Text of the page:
Medical imaging component manufacturer Smit Röntgen has taken 3D printing to the next level by using it to make pure tungsten products.
As tech-savvy investors are no doubt aware, 3D printing is becoming increasingly mainstream.
So much so, according to a recent Forbes article, that attention is shifting from the companies that manufacture 3D printers “to a broad range of industries where the technology is finding distribution and practical applications.” Those include the automotive, financial and electronics industries, among others.
It’s thus not too surprising to hear that medical imaging component manufacturer Smit Röntgen, a Philips (NYSE:PHG) brand, has figured out a way to produce pure tungsten products using 3D printing.
What is 3D printing?
To understand what Smit Röntgen has done, it’s useful to look briefly at what exactly 3D printing, also called additive manufacturing, entails.
Put very simply, it’s the process of creating a 3D object from a digital file. As its alternate name suggests, it’s normally done through additive processes — essentially, a computer lays down layer upon layer of material until the object is built. In terms of what objects can be created, the variety is always growing. A CTV News article published earlier this month notes that while 3D printers been used to print “everything from medical devices to guns,” some people have even more innovative plans — one Minnesota man plans to try to print a house.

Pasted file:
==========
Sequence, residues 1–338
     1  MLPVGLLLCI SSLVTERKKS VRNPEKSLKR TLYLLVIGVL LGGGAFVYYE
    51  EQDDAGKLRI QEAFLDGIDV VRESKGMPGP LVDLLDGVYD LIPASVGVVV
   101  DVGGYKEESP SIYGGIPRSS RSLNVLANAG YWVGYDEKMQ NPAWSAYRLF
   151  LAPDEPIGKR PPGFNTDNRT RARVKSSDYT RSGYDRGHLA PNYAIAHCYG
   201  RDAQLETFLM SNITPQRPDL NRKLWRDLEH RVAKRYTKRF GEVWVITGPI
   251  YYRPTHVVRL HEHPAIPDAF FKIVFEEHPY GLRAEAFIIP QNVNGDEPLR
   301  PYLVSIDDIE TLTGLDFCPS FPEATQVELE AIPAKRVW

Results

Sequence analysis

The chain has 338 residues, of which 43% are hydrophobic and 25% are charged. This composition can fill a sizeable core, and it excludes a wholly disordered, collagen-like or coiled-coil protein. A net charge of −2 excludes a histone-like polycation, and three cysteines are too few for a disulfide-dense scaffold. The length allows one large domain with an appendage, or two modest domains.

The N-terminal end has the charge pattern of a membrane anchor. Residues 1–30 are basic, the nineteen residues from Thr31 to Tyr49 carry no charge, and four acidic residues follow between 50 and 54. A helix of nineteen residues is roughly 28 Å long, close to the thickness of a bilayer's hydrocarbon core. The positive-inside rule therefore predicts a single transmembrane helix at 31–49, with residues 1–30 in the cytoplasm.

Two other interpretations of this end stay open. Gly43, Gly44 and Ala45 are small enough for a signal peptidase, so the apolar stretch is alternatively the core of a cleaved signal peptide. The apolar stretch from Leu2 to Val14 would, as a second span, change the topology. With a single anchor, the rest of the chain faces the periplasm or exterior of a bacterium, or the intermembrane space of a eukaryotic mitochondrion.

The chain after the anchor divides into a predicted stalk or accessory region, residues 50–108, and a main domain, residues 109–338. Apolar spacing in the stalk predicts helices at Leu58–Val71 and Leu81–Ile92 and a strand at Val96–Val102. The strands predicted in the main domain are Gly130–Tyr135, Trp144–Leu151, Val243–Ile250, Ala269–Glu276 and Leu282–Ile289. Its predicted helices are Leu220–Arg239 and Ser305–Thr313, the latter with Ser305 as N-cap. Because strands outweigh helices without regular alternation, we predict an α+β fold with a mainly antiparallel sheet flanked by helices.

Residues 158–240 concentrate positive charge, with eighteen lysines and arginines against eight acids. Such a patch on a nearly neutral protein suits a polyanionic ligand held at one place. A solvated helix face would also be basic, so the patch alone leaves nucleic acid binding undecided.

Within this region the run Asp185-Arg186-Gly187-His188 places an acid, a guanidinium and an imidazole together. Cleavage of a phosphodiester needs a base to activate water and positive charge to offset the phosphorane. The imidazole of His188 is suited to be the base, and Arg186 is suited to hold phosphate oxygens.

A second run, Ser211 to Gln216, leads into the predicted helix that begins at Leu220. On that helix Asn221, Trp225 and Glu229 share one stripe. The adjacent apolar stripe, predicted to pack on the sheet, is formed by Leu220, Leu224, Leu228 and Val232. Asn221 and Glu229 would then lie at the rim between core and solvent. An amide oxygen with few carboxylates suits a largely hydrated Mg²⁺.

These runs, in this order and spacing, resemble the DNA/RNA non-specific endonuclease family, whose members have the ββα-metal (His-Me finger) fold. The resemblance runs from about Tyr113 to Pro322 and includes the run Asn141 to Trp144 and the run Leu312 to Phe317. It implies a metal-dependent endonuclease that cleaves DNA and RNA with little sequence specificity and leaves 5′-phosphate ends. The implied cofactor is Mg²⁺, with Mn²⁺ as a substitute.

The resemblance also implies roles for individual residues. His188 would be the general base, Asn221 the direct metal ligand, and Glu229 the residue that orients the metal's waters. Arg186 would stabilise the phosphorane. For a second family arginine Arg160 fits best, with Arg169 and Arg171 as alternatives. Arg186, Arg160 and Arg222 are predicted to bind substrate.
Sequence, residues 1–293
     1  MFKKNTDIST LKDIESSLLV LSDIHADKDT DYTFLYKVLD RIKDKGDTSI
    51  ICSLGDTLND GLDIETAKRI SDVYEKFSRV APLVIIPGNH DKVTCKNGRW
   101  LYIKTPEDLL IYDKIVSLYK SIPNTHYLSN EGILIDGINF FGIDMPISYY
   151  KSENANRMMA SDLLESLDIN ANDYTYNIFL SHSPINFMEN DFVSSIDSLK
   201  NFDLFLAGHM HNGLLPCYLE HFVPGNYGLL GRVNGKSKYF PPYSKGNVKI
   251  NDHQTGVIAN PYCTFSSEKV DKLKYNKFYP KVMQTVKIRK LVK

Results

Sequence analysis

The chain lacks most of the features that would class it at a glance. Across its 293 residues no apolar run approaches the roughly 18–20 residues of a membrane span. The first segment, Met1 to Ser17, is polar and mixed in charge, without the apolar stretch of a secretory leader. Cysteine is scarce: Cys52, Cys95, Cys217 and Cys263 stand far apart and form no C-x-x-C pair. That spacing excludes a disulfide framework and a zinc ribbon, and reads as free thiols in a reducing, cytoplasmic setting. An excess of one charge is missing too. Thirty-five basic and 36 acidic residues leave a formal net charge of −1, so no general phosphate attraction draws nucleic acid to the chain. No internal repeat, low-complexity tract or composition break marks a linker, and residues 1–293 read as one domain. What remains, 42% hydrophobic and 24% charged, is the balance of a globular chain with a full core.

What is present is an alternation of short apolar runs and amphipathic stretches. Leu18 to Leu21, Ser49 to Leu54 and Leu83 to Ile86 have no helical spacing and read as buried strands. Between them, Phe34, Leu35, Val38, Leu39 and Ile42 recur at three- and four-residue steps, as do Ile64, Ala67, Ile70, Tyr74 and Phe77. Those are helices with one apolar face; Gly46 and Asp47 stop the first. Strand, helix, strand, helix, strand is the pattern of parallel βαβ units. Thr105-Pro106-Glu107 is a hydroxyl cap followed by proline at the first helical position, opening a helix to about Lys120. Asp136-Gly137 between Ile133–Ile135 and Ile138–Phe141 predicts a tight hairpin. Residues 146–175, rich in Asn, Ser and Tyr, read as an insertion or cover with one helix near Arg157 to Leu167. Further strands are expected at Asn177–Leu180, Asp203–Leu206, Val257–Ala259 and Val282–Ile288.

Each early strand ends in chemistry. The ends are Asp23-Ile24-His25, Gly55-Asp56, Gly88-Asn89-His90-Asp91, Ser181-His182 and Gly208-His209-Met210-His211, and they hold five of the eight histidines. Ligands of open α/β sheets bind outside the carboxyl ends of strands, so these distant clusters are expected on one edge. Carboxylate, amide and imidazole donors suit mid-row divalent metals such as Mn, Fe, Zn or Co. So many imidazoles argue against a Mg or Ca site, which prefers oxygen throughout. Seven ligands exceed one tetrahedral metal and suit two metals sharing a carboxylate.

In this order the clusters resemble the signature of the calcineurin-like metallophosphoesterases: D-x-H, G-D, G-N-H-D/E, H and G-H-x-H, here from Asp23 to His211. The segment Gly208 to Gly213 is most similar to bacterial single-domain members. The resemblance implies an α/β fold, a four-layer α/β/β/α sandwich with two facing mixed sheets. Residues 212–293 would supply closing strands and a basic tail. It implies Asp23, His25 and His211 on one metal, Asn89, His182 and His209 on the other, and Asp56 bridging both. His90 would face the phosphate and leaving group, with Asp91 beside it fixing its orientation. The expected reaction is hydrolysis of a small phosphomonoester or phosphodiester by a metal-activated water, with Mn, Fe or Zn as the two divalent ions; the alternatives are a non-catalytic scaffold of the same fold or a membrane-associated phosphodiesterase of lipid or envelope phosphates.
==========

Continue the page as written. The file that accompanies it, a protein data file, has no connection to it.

Printing with tungsten
There are a variety of different 3D printing processes, but as Smit Röntgen states in a September 1 press release, it makes its pure tungsten products using a technique called powder bed laser melting. Essentially, that means it creates objects by “selectively solidifying thin layers of pure Tungsten.”
Explaining what the company is making, Harry Kleijnen, head of development, said, “Smit Röntgen is focused on creating added value to the industry by developing and manufacturing parts for medical applications, in particular high precision parts for X-ray collimation targeting the CT/PET/SPECT market.” He added that the company has also “started to design and produce parts for industrial use.”
Watch the video below to get a look at a CT tungsten grid printed by Smit Röntgen.
Smit Röntgen has been researching the potential of using 3D printing to create such products for a decade, but that doesn’t mean the company has hit the end of the road.
Highlighting that point, Pieter Nuijts, who’s responsible for the company’s marketing and sales, said, “[w]hen talking to major players in medical and non-medical fields, it becomes evident that being able to 3D print pure Tungsten parts does attract global attention. By mastering this technique, the possibilities for creating new innovative products and niche markets are endless.”
It’s too early to tell whether the tungsten market will be impacted much by Smit Röntgen’s activities, but the company will certainly be one for those interested in the space to keep an eye on moving forward.
Securities Disclosure: I, Charlotte McLeod, hold no direct investment interest in any company mentioned in this article.